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Research Papers: Design and Analysis

Analytical Modeling of Hydraulically Expanded Tube-To-Tubesheet Joints

[+] Author and Article Information
Nor Eddine Laghzale

Department of Mechanical Engineering, Ecole de Technologie Superieure, 1100 Rue Notre-Dame Ouest, Montreal, QC, H3C 1K3, Canadalagnore@yahoo.com

Abdel-Hakim Bouzid

Department of Mechanical Engineering, Ecole de Technologie Superieure, 1100 Rue Notre-Dame Ouest, Montreal, QC, H3C 1K3, Canadahakim.bouzid@etsmtl.ca

J. Pressure Vessel Technol 131(1), 011208 (Dec 01, 2008) (9 pages) doi:10.1115/1.3027462 History: Received April 04, 2007; Revised October 02, 2007; Published December 01, 2008

The loss of the initial tightness during service is one of the major causes of failure of tube-to-tubesheet joints. The initial residual contact pressure and its variation during the lifetime of the joint are among the parameters to blame. A reliable assessment of the initial contact pressure value requires accurate and rigorous modeling of the elastoplastic behavior of the tube and the tubesheet during the expansion process. This paper deals with the development of a new analytical model used to accurately predict the residual contact pressure resulting from a hydraulic expansion process. The analytical model is based on the elastic perfectly plastic material behavior of the tube and the tubesheet and the interaction between these two elements of the expanded joint. The model results have been compared and validated with those of the more accurate finite element analysis models. Additional comparisons have been made with existing methods.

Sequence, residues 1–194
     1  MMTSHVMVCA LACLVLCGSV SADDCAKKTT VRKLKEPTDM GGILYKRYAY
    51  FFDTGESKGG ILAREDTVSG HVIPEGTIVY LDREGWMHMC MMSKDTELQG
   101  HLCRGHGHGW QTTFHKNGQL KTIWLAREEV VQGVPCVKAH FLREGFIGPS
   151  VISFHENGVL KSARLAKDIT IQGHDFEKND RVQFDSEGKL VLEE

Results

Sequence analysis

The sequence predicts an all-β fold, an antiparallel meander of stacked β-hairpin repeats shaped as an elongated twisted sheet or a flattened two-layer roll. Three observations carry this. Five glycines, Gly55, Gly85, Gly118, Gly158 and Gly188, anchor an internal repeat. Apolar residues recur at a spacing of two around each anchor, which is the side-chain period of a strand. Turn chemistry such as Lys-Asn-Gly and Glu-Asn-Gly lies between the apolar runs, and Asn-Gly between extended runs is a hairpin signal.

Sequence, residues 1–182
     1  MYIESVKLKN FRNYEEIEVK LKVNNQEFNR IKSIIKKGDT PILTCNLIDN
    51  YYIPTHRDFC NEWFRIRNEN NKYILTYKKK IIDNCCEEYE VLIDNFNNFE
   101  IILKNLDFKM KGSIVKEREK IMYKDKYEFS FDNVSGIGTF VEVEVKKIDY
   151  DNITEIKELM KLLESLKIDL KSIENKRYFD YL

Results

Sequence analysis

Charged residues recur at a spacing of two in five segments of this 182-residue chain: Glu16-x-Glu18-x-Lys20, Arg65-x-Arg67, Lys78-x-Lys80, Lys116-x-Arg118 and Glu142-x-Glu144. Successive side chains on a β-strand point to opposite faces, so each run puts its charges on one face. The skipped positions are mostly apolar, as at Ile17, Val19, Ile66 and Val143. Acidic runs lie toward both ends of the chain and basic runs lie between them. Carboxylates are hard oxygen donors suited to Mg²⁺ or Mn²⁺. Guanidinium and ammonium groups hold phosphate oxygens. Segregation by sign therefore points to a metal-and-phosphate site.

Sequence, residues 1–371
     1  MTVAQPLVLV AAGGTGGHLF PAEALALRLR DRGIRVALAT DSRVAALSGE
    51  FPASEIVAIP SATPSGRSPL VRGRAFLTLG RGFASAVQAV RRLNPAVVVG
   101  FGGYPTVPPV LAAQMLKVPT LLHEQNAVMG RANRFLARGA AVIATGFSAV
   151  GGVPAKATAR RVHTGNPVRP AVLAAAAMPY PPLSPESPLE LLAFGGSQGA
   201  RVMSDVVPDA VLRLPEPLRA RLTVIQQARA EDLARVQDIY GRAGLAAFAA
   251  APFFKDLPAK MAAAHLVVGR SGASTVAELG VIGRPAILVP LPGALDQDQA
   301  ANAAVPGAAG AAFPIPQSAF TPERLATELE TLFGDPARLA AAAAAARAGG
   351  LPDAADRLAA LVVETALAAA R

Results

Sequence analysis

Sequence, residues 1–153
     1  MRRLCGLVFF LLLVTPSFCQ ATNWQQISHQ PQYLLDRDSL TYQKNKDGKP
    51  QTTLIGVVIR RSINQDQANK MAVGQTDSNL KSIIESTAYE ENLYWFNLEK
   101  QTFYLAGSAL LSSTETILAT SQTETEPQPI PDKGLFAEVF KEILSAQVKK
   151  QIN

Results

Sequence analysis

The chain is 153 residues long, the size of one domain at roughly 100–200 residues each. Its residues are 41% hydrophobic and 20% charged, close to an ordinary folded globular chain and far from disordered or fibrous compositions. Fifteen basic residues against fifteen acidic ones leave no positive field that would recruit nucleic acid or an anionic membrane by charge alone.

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Copyright © 2009 by American Society of Mechanical Engineers
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References

Figures

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Figure 1

Expansion pressure sequence

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Figure 2

Tube in partial reverse yielding

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Figure 3

Plane and axisymmetric FE models

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Figure 4

Case of expansion without reverse yielding: radial stress variation during expansion

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Figure 5

Case of expansion without reverse yielding: tangential stress variation during expansion

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Figure 6

Case of expansion without reverse yielding: equivalent stress variation during expansion

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Figure 7

Case of expansion with reverse yielding: radial stress variation during expansion

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Figure 8

Case of expansion with reverse yielding: tangential stress variation during expansion

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Figure 9

Case of expansion with reverse yielding: equivalent stress variation during expansion

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Figure 10

Effect of reverse yielding on the residual contact pressure

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Figure 11

Evaluation of the residual contact pressure with different methods

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